Police dragged away elderly protesters trying to block work on a contentious US airbase in Okinawa on Thursday (29 October) as Japan's government resumed building even though the Okinawa governor had revoked a work permit for the site. Residents of Okinawa don't want to host any US military bases at all and oppose the government's plan to move the US Marines' Futenma base to their location, saying it was an unequal burden to have 60% of US military personnel in 1% of Japanese territories.
Around 100 mostly elderly protesters gathered early on Thursday to make a blockade for construction trucks and bulldozers, before police dragged them away. Many held signs reading: "Get Out Marines," and "No Base Henoko."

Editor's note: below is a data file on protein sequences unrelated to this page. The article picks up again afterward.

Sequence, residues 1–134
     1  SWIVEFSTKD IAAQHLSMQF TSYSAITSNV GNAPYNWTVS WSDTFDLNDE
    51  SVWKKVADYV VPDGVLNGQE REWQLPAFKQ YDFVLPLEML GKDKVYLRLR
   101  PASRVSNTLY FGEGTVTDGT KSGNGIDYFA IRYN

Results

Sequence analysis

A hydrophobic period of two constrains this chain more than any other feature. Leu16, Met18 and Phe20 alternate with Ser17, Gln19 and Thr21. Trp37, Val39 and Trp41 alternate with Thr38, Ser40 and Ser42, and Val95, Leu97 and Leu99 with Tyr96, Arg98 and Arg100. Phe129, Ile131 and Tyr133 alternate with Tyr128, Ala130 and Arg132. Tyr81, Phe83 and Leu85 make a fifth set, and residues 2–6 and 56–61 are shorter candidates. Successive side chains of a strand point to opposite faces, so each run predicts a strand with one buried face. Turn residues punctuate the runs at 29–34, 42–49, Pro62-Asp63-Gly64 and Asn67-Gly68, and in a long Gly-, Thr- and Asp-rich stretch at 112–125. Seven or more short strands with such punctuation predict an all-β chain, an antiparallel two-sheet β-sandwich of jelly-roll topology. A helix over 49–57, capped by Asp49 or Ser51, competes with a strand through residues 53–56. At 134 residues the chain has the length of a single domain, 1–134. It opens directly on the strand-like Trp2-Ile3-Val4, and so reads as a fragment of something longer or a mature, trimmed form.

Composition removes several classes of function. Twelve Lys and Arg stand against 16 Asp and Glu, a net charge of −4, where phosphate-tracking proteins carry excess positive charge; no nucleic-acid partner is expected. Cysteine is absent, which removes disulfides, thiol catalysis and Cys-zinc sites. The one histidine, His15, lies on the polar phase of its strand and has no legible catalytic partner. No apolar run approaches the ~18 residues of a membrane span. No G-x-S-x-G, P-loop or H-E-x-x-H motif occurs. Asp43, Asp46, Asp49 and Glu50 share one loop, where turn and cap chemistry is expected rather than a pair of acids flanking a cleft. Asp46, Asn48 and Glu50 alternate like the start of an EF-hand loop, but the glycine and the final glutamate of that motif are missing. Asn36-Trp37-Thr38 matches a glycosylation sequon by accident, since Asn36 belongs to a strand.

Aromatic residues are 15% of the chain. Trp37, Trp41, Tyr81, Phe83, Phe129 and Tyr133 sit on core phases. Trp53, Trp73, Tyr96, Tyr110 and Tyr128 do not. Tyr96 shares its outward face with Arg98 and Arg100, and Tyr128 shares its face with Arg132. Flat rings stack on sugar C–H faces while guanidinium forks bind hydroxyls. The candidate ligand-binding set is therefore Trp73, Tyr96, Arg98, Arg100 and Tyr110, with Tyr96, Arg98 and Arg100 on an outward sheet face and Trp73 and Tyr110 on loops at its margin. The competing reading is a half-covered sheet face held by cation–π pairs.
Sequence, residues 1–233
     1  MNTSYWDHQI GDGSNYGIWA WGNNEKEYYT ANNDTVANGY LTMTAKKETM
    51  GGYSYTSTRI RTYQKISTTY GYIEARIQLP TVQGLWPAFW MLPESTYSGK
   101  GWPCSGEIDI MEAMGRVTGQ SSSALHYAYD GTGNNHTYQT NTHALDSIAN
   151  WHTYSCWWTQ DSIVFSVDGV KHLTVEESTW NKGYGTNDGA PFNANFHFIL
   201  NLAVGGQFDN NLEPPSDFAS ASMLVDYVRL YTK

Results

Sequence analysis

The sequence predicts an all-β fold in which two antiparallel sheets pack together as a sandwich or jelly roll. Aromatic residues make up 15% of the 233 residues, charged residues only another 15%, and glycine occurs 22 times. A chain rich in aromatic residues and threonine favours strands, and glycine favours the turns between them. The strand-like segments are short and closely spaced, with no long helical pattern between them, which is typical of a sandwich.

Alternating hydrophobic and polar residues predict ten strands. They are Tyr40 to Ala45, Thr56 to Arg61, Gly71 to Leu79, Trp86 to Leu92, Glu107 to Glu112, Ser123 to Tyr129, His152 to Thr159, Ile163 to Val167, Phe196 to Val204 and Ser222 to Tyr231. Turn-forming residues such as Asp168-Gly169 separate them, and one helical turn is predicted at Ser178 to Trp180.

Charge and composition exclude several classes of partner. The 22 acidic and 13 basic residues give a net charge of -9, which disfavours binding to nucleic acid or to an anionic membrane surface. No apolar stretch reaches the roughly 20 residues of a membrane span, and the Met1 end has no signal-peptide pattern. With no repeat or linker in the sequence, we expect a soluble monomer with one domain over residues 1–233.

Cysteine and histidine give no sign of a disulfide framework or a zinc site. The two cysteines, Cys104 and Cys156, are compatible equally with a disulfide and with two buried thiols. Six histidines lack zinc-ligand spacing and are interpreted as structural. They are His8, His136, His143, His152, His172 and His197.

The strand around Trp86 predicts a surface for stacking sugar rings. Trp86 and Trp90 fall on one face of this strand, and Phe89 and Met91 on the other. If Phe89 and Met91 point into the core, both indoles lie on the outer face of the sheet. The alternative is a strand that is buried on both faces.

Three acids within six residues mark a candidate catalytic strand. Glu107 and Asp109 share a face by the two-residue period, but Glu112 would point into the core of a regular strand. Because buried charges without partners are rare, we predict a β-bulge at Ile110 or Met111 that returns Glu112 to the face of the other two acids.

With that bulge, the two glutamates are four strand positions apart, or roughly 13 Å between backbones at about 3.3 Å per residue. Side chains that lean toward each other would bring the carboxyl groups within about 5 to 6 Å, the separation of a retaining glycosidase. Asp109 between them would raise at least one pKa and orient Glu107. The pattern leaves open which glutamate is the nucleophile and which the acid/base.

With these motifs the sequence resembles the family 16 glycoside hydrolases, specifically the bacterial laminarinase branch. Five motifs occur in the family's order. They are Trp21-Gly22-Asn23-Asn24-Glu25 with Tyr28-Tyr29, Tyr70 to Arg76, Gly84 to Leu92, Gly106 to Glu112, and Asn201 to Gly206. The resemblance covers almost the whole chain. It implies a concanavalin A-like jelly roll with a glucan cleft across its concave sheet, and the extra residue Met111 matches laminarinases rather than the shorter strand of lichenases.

The airbase is being expanded to accommodate marines that will be relocated from another base further south on the island of Futenma. The United States and Japan agreed in 1996 to close Futenma, located in a densely populated area, near residences and schools, that the central government says makes it one of the "most dangerous airports in the world". But plans to move it stalled due to opposition from Okinawa residents worried about noise, pollution and crime.
Deputy Cabinet Secretary Hiroshige Seko told reporters at a regular news conference that eliminating this danger was a high priority. "We must move forward in eliminating the danger of, and relocating the Futenma US airbase, as quickly as possible. I believe that this would be granting the wishes of the people in Okinawa," he said.
"We will put maximum consideration on construction safety, the natural environment,and the living environment of citizens as we go forward in moving the airbase," he added.
Japan's chief cabinet secretary, Yoshihide Suga, left for Guam on Thursday (29 October) to visit other sites that may be suitable for future relocation of US military bases, in a bid to ease local concern.